We saw it years ago when Marc Jacobs looked to “$12 flannel shirts as the inspiration for $300 designer ones” as part of his notorious grunge collection for Perry Ellis in the early 1990’s. More recently, it has come in the form of Burberry returning to its checkered pattern, after distancing itself from the potential tarnishment of its brand due to the print’s association with “chavs” (or low-income Brits “obsessed with brand names, cheap jewellery and football,” as the Telegraph put it). It is also coming by way of Vetements’ DHL wares, Heron Preston’s collaboration with the NYC Department of Sanitation, and Balenciaga’s various iterations of the Bazaar bag.
Fashion has a penchant for looking to those outside of its most immediate circle of largely deep-pocketed peers for inspiration, or as Style Zeitgeist’s Eugene Rabkin so aptly put it, fashion enjoys riffing on “mundane [clothing and accessories], appropriated from the poor, for the enjoyment of the rich.”
The output tends to look different in each case, a $300 DSNY-emblazoned long-sleeve shirt from Preston, a $790 yellow and red tee adorned with the DHL logo from Vetements, but one thing is uniform (no pun intended): All of these products are being sold at premium prices, and as a result, they are more often than not, distinctly out of the price range of nearly all of the individuals that these brands have been inspired by.
This is something that Rabkin took a long, hard look at in early May by way of an Op-Ed entitled, “Is Balenciaga Socially Irresponsible?,” in which he took aim at the work of Balenciaga creative director Demna Gvasalia, stating, “There is something more unsavory about Balenciaga. Namely, it is that I find the output of Demna Gvasalia distasteful in the way it hijacks the aesthetic codes of the poor and dishes them out to those who can afford $800 hoodies.”
“There is something self-evidently perverse in consuming the mundane at high prices,” Rabkin says.
This poignant criticism remains relevant in light of the recent resurgence of class-based design staples and the narratives that have come to accompany them. Just this past week, for instance, 424, the Los Angeles-based retailer, which boasts its own in-house label, debuted its Spring/Summer 2019 collection in Paris. In “Paying Homage to America’s Blue Collar Workers,” the collection falls neatly in line with this larger narrative: America’s average blue collar worker makes approximately $31,847 per year, according to data compiled by Indeed. In other words, he or she likely is not shelling out $400+ for a 424 hoodie.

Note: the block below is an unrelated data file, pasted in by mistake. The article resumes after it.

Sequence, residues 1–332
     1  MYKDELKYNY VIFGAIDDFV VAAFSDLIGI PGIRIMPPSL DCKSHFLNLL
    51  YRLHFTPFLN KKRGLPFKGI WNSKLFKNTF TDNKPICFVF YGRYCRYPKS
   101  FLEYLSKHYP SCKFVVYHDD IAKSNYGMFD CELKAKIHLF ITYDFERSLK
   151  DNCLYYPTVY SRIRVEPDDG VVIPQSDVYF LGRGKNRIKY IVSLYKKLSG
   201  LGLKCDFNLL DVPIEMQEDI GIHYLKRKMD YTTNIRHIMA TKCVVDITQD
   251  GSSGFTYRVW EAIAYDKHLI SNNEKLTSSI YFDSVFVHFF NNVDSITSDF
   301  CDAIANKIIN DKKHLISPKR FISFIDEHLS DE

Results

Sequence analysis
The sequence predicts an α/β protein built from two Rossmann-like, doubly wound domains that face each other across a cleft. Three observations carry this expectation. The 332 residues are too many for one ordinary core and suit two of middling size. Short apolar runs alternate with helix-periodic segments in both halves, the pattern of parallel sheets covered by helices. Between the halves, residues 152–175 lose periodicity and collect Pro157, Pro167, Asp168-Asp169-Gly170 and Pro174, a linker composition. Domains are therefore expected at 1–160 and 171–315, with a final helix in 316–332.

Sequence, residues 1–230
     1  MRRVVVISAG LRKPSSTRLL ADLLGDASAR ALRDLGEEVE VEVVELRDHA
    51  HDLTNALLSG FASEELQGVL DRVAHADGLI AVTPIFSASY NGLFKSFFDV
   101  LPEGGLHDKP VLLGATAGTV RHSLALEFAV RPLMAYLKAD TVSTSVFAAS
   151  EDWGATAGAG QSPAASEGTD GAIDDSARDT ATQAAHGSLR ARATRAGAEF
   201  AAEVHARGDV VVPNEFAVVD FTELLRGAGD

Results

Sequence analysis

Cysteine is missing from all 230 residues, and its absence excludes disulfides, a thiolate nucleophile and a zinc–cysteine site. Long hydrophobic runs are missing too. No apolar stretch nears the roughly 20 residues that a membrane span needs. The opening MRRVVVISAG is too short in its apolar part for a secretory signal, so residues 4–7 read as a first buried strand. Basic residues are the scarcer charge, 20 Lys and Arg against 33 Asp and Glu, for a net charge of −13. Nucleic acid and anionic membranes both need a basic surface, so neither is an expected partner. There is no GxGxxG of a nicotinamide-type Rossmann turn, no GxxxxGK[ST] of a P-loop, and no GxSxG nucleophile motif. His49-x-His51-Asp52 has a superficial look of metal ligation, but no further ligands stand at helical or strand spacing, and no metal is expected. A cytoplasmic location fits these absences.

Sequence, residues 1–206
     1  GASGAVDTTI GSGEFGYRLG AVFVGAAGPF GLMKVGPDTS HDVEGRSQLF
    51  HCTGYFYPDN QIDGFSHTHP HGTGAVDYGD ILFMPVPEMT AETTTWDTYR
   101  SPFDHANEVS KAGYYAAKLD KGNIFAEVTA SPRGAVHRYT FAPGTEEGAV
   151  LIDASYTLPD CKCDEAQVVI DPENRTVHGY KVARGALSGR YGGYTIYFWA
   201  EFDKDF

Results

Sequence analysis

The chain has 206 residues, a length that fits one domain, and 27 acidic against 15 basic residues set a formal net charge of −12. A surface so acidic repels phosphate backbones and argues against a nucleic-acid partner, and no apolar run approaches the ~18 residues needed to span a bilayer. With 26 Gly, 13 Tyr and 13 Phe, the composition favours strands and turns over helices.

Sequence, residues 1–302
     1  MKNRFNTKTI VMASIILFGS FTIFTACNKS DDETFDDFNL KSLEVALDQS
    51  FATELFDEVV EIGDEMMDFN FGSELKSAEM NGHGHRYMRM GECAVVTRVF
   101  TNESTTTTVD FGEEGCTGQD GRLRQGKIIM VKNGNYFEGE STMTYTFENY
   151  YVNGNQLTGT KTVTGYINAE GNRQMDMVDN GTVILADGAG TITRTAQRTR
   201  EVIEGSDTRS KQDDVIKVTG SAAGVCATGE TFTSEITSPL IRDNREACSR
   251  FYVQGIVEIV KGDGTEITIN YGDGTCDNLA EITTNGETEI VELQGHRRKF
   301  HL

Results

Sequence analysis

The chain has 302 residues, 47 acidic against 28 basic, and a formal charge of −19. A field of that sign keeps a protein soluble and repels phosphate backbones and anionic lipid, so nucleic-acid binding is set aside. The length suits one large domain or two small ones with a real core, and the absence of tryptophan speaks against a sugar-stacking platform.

What does it say about a collection – or a brand – that is paying homage to blue collar workers by way of pricey hoodies that are not in any way directed at these individuals? Well, it is certainly an interesting proposition, in large part due to the fact that these “inspired by regular people” collections are largely understood to be furthering some larger sense of authenticity.
As Garage’s Erin Schwartz wrote last month, citing Andrew Luecke, a trend forecaster and the author of Cool: Style, Sound, and Subversion, “High fashion is, at least recently, obsessed with authenticity.” Yet, in an attempt to achieve this, at least some brands have looked to the daily sartorial choices and/or the work uniforms of the lower classes, without, as AJ Gwilliam wrote for Highsnobiety several years ago, “doing little to acknowledge true cultural roots.”
In putting forth these wares without any compelling or cohesive narrative (no, claiming you are celebrating blue collar workers with three-figure sweatshirts is not convincing), brands have made it “cool to dress like a gas station attendant” or another type of service employee without having to actually engage in those occupations, something that Schwartz says is both “exhausting, and a bit nihilistic.”
This practice approaches appropriation when one considers the power dynamics at play, Emma McClendon, assistant curator at the FIT Museum and curator of the museum’s 2016 Uniformity exhibition, told Garage. In short: It becomes problematic when “people in the upper classes of society feel that they can pick from anything; that everything is available to them, and that there aren’t necessarily consequences.”
Rabkin certainly is not buying this push towards “authenticity” either, especially in regards to the World Food Programme merch that Balenciaga showed for Fall/Winter 2018. “In truth, Balenciaga does nothing for the poor, except the lip service of a donation of $250k to the World Food Programme (Kering’s, Balenciaga’s parent company, revenue for 2017 was $18 billion). The pretense on Gvasalia’s part at celebrating the poor is largely just that, a pretense … Not only the poor don’t know or can’t afford Balenciaga – they are not even looking at the magazines that Balenciaga advertises in. Simply put, Balenciaga is not in their orbit.”
That sentiment is not exclusive to Balenciaga, though, and it is one that fashion designers – often completely insulated by the praising echoes of the fashion industry and its oft-gaping void of constructive criticism – might do well to remember.